Legislative limbo is perhaps best symbolised by the public stance taken by Mr. Sitaram Yechury of the CPIM many months back which is that the Left parties will not allow the land bill to be either passed or defeated in the Rajya Sabha which thus ensures no possibility of a joint session of Parliament to take a final call.Now, it is absolutely his right to oppose this or any other bill. The moot point though, is the means used to oppose legislation. As seems evident from the stance of the Left and the Congress, holding the Rajya Sabha in a state of permanent suspended animation is their preferred mode. Again, perfectly tenable within the interpretation of the rights of parliamentarians. Note that such a stance was also taken by the NDA in the last 10 years. So the malaise runs deep and seems to be fairly democratic in its spread from the Right to the Left of the Indian political Spectrum.Another issue is the composition of the Rajya Sabha. Members are nominated by their party with scant regard to their state of origin (like Dr. Manmohan Singh from Assam, Mr. Arun Jaitley from Gujarat etc.) and elections seem (to me) to be the result of some mysterious understanding that parties suddenly seem to reach. Maybe that is why Dr. Vijay Mallya was an MP. Or sometimes people just get “nominated” – like Rekha or Sachin Tendulkar. This sort of selection process that makes the RS MP’s answerable only to their party diktat and leaves them totally un-accountable to the electorate is a blatant violation of democratic norms.If India is to be a thriving democracy, then the key questions are:What is the role that a house that is NOT DIRECTLY ELECTED by the people have to play in passing legislation?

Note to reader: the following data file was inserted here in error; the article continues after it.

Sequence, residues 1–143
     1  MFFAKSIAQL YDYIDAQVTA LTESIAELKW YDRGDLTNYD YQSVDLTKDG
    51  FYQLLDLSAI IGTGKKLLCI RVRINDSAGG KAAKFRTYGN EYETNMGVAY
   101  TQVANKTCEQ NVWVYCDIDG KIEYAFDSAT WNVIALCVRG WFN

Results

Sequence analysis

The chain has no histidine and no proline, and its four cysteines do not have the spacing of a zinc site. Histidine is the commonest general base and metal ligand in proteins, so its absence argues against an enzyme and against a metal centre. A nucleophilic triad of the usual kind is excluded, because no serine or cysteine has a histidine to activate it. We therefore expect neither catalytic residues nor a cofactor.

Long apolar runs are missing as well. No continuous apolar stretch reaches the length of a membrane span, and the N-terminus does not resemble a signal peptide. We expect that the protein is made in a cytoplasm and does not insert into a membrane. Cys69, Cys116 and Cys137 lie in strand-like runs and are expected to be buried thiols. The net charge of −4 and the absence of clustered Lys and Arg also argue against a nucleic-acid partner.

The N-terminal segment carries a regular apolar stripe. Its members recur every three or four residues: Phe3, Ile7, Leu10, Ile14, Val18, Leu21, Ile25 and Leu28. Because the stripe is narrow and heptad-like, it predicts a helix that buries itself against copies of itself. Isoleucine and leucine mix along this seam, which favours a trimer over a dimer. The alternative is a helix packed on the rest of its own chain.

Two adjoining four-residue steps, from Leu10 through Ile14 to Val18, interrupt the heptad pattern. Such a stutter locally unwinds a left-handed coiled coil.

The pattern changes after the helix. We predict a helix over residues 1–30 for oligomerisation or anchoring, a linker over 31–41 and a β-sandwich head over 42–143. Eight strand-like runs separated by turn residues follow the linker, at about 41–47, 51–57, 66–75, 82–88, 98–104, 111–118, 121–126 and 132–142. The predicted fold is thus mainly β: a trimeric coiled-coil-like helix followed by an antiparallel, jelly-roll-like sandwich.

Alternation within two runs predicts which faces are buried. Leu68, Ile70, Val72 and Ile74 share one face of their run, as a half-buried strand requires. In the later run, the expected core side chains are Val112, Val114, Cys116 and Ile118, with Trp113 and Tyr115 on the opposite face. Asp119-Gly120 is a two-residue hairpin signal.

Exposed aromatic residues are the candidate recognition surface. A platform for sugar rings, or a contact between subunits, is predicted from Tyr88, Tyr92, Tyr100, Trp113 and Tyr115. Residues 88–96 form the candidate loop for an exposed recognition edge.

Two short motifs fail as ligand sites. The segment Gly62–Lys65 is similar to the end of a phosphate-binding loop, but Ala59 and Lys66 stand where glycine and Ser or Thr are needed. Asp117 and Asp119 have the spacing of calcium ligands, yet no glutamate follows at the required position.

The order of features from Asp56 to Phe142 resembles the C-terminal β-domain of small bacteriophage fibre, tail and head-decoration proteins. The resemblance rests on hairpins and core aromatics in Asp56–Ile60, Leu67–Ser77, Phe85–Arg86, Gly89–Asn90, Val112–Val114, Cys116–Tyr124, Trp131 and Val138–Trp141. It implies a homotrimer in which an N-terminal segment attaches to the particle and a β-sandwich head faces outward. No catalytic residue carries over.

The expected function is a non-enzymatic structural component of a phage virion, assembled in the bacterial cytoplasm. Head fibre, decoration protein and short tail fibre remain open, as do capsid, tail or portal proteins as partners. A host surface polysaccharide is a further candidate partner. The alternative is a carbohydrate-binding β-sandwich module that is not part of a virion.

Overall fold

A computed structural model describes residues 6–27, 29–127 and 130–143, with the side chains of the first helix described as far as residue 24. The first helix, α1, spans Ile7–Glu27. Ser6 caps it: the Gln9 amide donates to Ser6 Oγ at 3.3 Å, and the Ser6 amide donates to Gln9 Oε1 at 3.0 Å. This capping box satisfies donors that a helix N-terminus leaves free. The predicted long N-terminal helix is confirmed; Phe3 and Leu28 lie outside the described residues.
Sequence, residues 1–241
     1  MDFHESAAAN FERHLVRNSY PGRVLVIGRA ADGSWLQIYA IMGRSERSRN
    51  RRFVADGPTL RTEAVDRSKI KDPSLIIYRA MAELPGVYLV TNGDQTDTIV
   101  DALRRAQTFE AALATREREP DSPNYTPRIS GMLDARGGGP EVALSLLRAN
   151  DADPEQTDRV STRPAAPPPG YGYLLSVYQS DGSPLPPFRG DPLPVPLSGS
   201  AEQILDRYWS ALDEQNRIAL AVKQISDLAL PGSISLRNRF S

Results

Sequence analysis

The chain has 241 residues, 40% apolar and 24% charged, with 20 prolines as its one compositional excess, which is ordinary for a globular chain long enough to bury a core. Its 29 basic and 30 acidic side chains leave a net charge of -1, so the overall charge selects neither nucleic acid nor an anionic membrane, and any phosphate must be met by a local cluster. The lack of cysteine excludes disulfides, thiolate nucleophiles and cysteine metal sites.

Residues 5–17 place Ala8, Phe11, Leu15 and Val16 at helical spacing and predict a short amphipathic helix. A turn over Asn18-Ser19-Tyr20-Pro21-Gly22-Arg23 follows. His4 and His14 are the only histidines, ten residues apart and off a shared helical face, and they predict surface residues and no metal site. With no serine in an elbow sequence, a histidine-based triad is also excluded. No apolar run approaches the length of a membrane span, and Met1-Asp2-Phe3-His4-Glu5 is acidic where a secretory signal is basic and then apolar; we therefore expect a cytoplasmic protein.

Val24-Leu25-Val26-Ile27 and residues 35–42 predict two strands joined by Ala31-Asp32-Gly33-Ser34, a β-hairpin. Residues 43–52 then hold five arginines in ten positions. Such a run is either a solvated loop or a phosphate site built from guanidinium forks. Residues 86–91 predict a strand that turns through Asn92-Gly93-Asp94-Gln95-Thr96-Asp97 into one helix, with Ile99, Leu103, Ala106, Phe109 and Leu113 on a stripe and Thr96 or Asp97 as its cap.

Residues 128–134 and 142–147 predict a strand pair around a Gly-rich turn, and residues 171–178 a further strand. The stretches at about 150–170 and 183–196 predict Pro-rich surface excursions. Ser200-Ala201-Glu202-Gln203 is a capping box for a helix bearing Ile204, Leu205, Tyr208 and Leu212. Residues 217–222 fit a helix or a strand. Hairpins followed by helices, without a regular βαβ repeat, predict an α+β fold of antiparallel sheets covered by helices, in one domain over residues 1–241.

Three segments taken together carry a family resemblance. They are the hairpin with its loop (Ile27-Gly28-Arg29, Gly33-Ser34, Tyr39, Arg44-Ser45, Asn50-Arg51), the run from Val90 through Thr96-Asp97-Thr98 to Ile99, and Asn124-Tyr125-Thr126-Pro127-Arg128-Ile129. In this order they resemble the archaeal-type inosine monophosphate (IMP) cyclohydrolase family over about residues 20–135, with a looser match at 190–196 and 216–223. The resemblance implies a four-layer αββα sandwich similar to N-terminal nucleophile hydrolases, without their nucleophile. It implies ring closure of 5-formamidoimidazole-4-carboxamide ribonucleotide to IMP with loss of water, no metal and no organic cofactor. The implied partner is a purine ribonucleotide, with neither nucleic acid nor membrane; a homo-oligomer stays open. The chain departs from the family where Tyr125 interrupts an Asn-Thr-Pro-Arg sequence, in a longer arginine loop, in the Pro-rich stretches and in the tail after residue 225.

- Should such a house be able to block legislation at all?
- As we seem to pride ourselves on the Westminster style of parliament, should we not also examine how an unelected house like the House of Lords function and what powers it has?
Therefore, the real debate should centre around the following alternatives in my view
- Is it time to either scrap the Rajya Sabha? OR
- Is it time to CHANGE the Rajya Sabha to a directly elected body (like the US Senate)?
- Is it not time to re-examine the constitution to redress this situation?
Interestingly, as of 2014, 7/29 states have a Legislative Council (LC): Andhra Pradesh, Bihar, Jammu and Kashmir, Karnataka, Maharashtra, Telengana and Uttar Pradesh. It’s fair to say that the other 22 have not become basket cases due to the lack of an LC and neither have these 7 become role models in legislation by having an LC.
So why exactly is it not possible to function without an upper house? Most Indian states seem to be doing pretty well. As is often the irony in our politics, Dr. Singh, Mr. Jaitley and Mr. Yechury all represent states which are neither their home nor have their own LC’s, despite many many years of Congress, BJP and CPIM government in these 3 states….